Hydrogen-bonding (H-bonding) interaction is known as an important governing force in biology that dictates the secondary structures and folding specificity of proteins16. For example, metamorphic proteins undergo large-scale structural changes involving complete rearrangement of H-bonding networks and alterations in secondary structures17. Motivated by this rationale, the control of side-chain H-bonding ligands has been utilized to modulate the conformation of synthetic polypeptides18. As an interesting building block with strong H-bonding capacity, urea moiety containing one H-bonding acceptor (C=O group) and two donors (N–H groups) is capable of forming single and bidentate intermolecular H-bonding interactions19,20. In fact, sequence-defined oligoureas have been established as attractive peptidomimetic foldamers that adopt robust helical conformation stabilized by three-center H-bonds21,22,23. As a class of urea-rich polymers, polyureas (PUs) have been widely used as elastomers, coatings, adhesives, and biomaterials24,25,26. Nonetheless, PU-based functional peptidomimetics with ordered secondary conformations and conformation-mediated functionalities have been rarely reported.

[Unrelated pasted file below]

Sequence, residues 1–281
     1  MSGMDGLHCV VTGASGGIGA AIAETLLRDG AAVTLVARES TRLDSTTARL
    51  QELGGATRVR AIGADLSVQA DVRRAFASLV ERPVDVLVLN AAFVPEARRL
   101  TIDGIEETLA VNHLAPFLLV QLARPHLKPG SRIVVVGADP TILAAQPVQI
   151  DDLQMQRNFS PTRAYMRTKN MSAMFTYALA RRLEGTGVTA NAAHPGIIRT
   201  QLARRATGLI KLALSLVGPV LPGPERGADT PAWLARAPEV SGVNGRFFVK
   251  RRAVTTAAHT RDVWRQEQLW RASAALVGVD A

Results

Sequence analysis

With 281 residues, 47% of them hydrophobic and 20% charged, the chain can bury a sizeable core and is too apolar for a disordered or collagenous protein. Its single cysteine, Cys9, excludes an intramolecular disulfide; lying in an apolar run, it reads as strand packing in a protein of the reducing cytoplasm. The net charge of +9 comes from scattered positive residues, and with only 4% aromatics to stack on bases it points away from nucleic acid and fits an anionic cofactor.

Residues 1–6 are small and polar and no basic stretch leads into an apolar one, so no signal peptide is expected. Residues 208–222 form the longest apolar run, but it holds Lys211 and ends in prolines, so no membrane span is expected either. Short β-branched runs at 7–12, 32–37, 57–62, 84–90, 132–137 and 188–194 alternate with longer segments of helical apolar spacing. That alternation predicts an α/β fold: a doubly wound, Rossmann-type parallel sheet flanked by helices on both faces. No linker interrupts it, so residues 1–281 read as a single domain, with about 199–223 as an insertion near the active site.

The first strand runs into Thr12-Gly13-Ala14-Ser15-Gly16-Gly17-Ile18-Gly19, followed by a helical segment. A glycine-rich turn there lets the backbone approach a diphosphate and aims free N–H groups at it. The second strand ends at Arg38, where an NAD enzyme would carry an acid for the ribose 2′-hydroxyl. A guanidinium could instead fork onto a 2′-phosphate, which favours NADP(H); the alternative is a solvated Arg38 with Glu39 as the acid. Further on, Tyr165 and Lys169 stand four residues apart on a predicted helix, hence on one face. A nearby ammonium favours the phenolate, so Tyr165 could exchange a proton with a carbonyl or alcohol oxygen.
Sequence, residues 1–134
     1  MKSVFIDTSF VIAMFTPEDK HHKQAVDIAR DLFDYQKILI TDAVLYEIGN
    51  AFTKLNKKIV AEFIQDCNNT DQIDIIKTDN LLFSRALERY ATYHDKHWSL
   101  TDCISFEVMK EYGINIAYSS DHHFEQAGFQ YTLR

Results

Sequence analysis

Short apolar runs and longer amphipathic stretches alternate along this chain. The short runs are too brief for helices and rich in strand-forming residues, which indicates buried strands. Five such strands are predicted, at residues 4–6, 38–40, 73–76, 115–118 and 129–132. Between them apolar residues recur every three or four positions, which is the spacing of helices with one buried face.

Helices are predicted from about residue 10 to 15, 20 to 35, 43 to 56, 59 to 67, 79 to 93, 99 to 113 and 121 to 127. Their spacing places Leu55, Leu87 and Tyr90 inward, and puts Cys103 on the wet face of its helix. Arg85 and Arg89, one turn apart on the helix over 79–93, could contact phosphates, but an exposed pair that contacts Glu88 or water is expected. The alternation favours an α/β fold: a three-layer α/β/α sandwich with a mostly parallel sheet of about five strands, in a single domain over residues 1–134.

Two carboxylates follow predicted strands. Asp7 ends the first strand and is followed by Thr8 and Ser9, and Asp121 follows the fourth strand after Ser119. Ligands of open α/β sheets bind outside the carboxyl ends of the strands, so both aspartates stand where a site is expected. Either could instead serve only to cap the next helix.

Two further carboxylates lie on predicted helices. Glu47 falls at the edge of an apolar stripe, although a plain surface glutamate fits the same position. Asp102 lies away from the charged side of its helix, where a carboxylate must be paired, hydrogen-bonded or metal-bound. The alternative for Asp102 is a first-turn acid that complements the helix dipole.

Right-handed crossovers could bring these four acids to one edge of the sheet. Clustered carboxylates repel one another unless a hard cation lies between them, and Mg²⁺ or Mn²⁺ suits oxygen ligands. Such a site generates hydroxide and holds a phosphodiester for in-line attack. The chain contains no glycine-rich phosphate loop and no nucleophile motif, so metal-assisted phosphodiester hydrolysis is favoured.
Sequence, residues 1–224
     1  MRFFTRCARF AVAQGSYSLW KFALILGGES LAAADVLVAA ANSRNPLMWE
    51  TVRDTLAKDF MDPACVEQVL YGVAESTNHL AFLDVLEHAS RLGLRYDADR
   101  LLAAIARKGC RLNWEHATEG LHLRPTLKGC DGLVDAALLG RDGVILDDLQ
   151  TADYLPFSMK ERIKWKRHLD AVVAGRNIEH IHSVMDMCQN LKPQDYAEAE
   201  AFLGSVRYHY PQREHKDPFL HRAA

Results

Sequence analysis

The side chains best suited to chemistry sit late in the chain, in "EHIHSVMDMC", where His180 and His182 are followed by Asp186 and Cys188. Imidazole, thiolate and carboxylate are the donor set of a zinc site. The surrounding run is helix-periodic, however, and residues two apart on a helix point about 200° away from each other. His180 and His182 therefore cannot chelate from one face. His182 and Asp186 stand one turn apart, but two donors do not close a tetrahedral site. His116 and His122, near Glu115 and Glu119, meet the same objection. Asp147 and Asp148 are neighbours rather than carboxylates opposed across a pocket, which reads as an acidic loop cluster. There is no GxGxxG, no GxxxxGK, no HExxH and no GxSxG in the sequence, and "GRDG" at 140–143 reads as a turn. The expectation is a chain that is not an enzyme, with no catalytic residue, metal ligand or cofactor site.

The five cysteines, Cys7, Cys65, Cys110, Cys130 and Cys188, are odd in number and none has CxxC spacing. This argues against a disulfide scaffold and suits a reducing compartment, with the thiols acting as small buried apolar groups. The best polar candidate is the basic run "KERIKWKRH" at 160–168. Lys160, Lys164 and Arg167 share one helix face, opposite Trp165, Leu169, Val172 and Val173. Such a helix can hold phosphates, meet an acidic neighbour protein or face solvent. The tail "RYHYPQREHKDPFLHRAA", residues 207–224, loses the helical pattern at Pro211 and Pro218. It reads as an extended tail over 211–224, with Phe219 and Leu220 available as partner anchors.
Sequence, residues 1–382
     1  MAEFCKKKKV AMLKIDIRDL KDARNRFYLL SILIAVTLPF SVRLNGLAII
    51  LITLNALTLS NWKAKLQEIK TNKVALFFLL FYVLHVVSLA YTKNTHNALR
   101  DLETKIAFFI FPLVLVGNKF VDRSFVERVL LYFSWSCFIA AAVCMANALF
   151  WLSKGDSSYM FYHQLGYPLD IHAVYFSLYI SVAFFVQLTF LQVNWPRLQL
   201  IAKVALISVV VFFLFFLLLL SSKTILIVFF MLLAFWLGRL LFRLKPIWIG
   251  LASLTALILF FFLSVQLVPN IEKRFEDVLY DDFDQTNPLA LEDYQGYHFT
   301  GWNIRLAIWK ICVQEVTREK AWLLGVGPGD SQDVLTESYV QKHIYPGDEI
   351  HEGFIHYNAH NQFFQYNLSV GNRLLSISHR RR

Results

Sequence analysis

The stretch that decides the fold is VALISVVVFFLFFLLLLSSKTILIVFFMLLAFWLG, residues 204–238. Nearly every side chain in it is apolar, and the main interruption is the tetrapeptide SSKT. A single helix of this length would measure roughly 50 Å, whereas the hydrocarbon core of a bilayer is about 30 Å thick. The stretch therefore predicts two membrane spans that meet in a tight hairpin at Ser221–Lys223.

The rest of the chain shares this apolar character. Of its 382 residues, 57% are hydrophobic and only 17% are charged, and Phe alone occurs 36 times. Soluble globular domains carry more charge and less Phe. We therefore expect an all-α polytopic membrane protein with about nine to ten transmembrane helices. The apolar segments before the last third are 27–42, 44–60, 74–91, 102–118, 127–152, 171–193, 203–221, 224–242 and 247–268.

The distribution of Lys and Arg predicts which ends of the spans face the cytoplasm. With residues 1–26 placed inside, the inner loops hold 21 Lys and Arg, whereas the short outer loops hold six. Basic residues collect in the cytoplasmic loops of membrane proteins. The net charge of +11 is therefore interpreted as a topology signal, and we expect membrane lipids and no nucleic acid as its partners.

Herein, we report a family of intrinsically fluorescent PUs constructed from natural amino acid derivatives. The polymers show molecular weight- and solvent-dependent conformations and aggregation-induced emission (AIE) properties. Moreover, the polymers self-assemble into vesicles and nanotube-like structures, which exhibit H-bonding-mediated size expanding and shrinking, metamorphosis, and discoloration behaviors. In addition, the polymeric vehicles show ultrahigh stability and superfast responsivity that enable an “on-off” switchable nanocarriers for potential drug delivery and theranosis applications.